The film begins at the ominous "Home of the Bleeding Heart" Catholic orphanage, where teenage delinquent "Piper" (Georg Olden) arrives by police escort. There he meets the cruel overseers: the stern head-mistress of the orphanage, Sister Serena (Anne De Salvo), and the cattle-prod wielding head-master, Mr. Kurtz (Murphy Dunne). After disobeying the home's loathsome authority figures, Piper is sent into solitary confinement where he befriends a group of adolescent trouble-makers; "Girl Joey" (Pamela Segall), the tough-talking "tomboy" of the group; "Mouse" (Michael Hentz), the smallest, youngest and "cutest" of the group; "Whitey" (Joey Coleman), the platinum blonde, self-appointed "leader" of the group; and "Blackie" (Christopher Brown), the "intellectual" and only black orphan at the home.
As prospective "parents" come to the Home of the Bleeding Heart to assess the children for adoption, the orphans, desperate not to be separated from the "family" they have in each other, make every attempt not to be selected. However, the family of young misfits is shattered when the Fitzpatricks (Martin Mull and Karen Black), a self-absorbed upper-class couple, find Mouse irresistible and decide to adopt him, promptly whisking him away to their suburban home in Santa Barbara, California. Devastated by Mouse's departure, the group of young rebels devise a plan to "rescue" him, outwitting the maniacal staff and escaping the oppressive orphanage. In their odyssey to free Mouse, the four street-smart teenagers lie, cheat, and steal their way to Santa Barbara, wreaking havoc on suburbia every step of the way.
Although listed by several online sources under the title Growing Pains, in his October 1984 review of the film, Boston Phoenix film critic Owen Gleiberman consistently referred to the film by the title Bad Manners. The film was both written and directed by, then 29-year-old, Robert Houston (credited as "Bobby Houston"), whose only previous writing/directing credit was the Samurai themed action-adventure feature film, Shogun Assassin. Filmed in 1983 and produced by Growing Pains Productions, Bad Manners was released by New World Pictures in October 1984. Songs for the film's soundtrack were written by Ron Mael and Russell Mael of Sparks. Sparks also performed several of the songs for the film, including the film's title song, "Bad Manners".
Targeted to a teen audience, the film has received largely negative reviews from adult critics. In his October 2, 1984 review for the Boston Phoenix, film critic Owen Gleiberman criticized Houston's directing, writing, "Houston has fashioned a cinematic contradiction: the corporate cult film. He's taken the derisive black comedy of directors like John Waters and the pre-70s Roger Corman and repackaged it like laundry detergent.", adding, "Local publicists have been telling me that this is going to be the first cult movie for kids, but somehow it's hard to imagine packs of 12-year-olds jamming the Nickelodeon for an R-rated movie about abused orphans." Despite finding elements of the film cynical and contrived, Gleiberman would go on to praise some of the young stars' performances, writing "The actors are agreeably rowdy prepubescents, and a couple of them are genuine finds. As Piper, Georg Olden has a charisma and physical grace far beyond his years, and musclebound Christopher Brown playing a suave black kid named, uh, Blackie, has the penetrating presence of a mini Yaphet Kotto."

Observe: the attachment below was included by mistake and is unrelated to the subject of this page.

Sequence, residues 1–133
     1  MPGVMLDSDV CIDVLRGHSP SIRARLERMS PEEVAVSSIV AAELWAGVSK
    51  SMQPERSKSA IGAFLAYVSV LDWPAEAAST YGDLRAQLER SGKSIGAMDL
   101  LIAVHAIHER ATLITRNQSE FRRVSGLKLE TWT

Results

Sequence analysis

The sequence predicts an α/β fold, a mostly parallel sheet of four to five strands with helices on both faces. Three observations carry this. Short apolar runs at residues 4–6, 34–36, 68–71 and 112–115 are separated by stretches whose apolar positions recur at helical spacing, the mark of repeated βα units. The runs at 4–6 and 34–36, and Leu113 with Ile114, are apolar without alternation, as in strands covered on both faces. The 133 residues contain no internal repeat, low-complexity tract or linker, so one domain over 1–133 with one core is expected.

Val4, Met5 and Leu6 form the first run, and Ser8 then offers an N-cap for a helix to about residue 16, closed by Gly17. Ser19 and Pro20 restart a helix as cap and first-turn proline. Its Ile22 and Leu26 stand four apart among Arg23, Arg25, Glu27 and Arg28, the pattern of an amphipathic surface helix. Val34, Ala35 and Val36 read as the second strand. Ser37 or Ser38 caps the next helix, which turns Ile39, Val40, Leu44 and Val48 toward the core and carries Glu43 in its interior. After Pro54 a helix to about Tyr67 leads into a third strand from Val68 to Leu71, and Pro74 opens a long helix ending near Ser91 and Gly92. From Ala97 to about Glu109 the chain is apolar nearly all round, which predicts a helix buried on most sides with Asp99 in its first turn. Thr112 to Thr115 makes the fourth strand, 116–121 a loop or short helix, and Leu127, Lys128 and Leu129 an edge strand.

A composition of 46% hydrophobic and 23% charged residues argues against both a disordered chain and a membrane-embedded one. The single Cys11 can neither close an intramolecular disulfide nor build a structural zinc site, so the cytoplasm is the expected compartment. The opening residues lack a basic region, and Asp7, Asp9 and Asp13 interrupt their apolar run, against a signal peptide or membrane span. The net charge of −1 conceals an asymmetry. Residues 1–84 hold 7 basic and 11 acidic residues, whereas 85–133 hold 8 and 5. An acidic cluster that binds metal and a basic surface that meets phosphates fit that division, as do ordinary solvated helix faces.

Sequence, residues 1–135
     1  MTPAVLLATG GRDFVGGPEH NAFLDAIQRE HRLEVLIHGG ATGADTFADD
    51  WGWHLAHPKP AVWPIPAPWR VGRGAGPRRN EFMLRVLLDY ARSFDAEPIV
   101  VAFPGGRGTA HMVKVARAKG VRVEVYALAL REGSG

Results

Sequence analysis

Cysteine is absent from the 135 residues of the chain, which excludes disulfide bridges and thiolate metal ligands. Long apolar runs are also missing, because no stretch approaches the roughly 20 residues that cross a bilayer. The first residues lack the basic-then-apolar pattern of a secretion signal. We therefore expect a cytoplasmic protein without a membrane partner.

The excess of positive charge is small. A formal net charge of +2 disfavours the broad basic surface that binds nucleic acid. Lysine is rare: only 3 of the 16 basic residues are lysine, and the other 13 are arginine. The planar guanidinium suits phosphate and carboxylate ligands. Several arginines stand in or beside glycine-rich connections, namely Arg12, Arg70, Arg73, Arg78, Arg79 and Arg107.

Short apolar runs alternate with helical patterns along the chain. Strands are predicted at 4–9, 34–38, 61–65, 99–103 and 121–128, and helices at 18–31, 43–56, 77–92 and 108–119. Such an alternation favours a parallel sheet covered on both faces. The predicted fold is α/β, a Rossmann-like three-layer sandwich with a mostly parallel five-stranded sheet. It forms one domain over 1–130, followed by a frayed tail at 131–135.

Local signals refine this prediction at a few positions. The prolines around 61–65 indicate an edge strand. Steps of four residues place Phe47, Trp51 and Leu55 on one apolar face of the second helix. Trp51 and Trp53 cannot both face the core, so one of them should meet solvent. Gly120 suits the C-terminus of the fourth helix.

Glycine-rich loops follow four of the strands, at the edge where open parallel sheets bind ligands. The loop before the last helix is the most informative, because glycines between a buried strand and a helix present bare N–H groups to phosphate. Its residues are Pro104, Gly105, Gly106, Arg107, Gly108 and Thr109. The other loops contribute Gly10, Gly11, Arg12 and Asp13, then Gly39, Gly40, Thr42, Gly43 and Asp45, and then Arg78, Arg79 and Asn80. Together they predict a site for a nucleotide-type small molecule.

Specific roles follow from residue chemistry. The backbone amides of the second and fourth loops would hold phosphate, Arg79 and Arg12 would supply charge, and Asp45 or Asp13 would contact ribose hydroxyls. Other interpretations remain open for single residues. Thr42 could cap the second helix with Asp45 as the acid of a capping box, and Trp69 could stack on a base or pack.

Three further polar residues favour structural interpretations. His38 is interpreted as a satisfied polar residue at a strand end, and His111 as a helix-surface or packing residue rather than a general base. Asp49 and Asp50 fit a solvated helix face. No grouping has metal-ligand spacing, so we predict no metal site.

In her overview of the film, Eleanor Mannikka of AllRovi felt the "comedy" elements of the film fell short, writing "Everyone is a stereotypical extreme in this sometimes mean-spirited black comedy about the vicious staff at an orphanage, the garrulous punk kids who live there, and the pretentious overblown rich couple who adopt one of the orphans – this is not a happy world. [...] With a low-brow, low-budget approach, the premises are obviously meant to key in to the slapstick characterizations, but for some viewers, even the comic moments may not assuage the meaner undertones of the film." TV Guide's review felt the film had potential, but was played too over-the-top: "Sort of a modern-day version of Oliver Twist, Bad Manners was an independently made movie that might have made noise at the box office had more attention been paid to detail and less to overplaying. [...] The film takes lots of whacks at "The Establishment," and the shame of it is that in the right hands this might have been a good film."